Renowned Painter, Sculptor Frank Stella Is Dead

He blurred the lines between the two forms
By Newser Editors and Wire Services
Posted May 5, 2024 5:31 AM CDT
Renowned Painter, Sculptor Frank Stella Is Dead
A visitor looks at works by artist Frank Stella at the Tehran Museum of Contemporary Art in Tehran, Iran, in 2022.   (AP Photo/Vahid Salemi, File)

Frank Stella, a painter, sculptor, and printmaker whose constantly evolving works are hailed as landmarks of the minimalist and post-painterly abstraction art movements, died Saturday at his home in Manhattan at age 87. Gallery owner Jeffrey Deitch confirmed his death to the AP. Stella's wife, Harriet McGurk, told the New York Times that he died of lymphoma.

  • The start: Born May 12, 1936, in Malden, Massachusetts, Stella studied at Princeton University before moving to New York City in the late 1950s. At that time, many prominent American artists had embraced abstract expressionism, but Stella began exploring minimalism. By age 23 he had created a series of flat, black paintings with gridlike bands and stripes using house paint and exposed canvas that drew widespread critical acclaim.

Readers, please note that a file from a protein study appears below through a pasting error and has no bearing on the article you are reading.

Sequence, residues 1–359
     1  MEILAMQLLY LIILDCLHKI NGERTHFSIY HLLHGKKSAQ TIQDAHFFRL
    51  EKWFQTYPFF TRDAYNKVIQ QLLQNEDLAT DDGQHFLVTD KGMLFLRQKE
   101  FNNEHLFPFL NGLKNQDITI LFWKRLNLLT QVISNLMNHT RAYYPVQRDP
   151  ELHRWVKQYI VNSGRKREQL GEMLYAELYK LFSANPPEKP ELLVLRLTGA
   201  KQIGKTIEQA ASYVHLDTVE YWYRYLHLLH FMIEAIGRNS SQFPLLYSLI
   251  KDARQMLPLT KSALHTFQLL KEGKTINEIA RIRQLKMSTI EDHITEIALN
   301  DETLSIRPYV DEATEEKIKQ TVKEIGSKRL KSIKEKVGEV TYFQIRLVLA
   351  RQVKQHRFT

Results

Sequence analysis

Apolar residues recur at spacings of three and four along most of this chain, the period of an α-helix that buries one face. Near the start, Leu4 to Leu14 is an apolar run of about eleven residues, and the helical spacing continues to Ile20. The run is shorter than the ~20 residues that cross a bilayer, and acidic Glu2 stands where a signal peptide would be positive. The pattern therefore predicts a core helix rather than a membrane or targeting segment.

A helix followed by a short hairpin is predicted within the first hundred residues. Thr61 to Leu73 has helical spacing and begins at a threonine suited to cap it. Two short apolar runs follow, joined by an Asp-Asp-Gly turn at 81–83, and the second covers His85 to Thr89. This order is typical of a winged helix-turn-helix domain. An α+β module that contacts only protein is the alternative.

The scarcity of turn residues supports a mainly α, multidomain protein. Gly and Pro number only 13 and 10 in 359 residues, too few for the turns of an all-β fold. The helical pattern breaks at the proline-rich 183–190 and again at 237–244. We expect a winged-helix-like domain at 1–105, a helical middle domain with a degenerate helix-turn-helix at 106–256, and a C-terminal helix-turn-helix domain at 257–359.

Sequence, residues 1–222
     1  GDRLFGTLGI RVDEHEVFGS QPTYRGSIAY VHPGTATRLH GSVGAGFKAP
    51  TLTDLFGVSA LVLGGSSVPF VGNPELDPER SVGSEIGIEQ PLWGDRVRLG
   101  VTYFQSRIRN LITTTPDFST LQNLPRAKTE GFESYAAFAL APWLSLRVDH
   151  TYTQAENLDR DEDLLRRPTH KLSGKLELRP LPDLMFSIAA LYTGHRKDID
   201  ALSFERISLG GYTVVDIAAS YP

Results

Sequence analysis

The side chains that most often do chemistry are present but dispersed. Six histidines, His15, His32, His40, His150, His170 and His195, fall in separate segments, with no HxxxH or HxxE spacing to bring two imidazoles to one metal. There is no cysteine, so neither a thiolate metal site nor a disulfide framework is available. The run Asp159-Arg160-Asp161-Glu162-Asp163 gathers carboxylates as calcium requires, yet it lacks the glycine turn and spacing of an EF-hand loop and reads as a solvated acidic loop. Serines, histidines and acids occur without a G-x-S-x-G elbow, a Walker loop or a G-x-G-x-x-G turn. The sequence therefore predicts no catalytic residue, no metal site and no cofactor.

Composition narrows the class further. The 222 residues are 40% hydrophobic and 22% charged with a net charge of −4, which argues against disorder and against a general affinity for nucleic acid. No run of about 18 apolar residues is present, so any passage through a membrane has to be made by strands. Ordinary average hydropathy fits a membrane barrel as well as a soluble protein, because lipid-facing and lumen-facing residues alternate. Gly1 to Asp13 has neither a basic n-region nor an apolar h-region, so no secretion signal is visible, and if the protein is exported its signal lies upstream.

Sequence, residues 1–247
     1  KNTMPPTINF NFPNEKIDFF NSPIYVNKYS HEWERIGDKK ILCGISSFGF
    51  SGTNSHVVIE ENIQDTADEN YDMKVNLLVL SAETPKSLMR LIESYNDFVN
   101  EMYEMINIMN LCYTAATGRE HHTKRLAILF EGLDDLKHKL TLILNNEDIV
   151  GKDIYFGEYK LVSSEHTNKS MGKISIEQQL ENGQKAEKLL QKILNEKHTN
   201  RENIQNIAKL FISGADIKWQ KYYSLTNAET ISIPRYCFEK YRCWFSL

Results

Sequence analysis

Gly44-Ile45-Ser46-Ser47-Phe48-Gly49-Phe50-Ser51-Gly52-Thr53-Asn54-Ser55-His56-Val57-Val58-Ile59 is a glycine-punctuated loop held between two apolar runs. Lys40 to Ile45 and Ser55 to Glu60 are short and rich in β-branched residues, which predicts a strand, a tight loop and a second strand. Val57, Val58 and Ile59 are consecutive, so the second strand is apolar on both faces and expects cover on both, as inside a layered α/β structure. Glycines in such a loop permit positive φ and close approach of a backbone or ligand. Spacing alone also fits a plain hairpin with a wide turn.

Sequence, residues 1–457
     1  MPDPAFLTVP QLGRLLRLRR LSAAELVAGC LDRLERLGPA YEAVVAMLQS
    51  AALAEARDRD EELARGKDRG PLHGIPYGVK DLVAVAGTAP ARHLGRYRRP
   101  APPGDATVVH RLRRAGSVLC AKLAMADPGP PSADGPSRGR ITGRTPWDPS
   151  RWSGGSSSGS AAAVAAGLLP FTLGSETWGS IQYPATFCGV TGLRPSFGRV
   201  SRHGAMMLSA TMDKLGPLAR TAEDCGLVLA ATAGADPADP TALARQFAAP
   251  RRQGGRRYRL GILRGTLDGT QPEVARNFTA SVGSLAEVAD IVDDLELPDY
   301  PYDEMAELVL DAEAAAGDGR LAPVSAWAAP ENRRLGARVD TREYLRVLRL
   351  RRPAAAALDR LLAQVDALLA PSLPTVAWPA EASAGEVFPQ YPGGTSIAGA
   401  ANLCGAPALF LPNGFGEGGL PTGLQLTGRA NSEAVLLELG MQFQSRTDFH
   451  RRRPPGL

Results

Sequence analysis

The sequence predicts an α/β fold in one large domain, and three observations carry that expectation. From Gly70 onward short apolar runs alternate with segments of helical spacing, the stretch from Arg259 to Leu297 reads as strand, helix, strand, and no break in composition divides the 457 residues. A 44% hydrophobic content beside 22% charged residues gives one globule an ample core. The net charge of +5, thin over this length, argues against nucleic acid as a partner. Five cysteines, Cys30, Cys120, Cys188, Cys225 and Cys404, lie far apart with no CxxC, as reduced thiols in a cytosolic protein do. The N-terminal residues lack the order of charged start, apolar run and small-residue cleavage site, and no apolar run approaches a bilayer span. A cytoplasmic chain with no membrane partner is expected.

• Signature style: Over the next decade, Stella's works retained his rigorous structure but began incorporating curved lines and bright colors, such as in his influential Protractor series, named after the geometry tool he used to create the curved shapes of the large-scale paintings. In the late 1970s, Stella began adding three-dimensionality to his visual art, using metals and other mixed media to blur the boundary between painting and sculpture.
  • Long career: Stella continued to be productive well into his 80s, and his new work is currently on display at the Jeffrey Deitch Gallery in New York City. The colorful sculptures are massive and yet almost seem to float, made up of shining polychromatic bands that twist and coil through space. "The current work is astonishing," Deitch told the AP. "He felt that the work that he showed was the culmination of a decades-long effort to create a new pictorial space and to fuse painting and sculpture."
(More obituary stories.)

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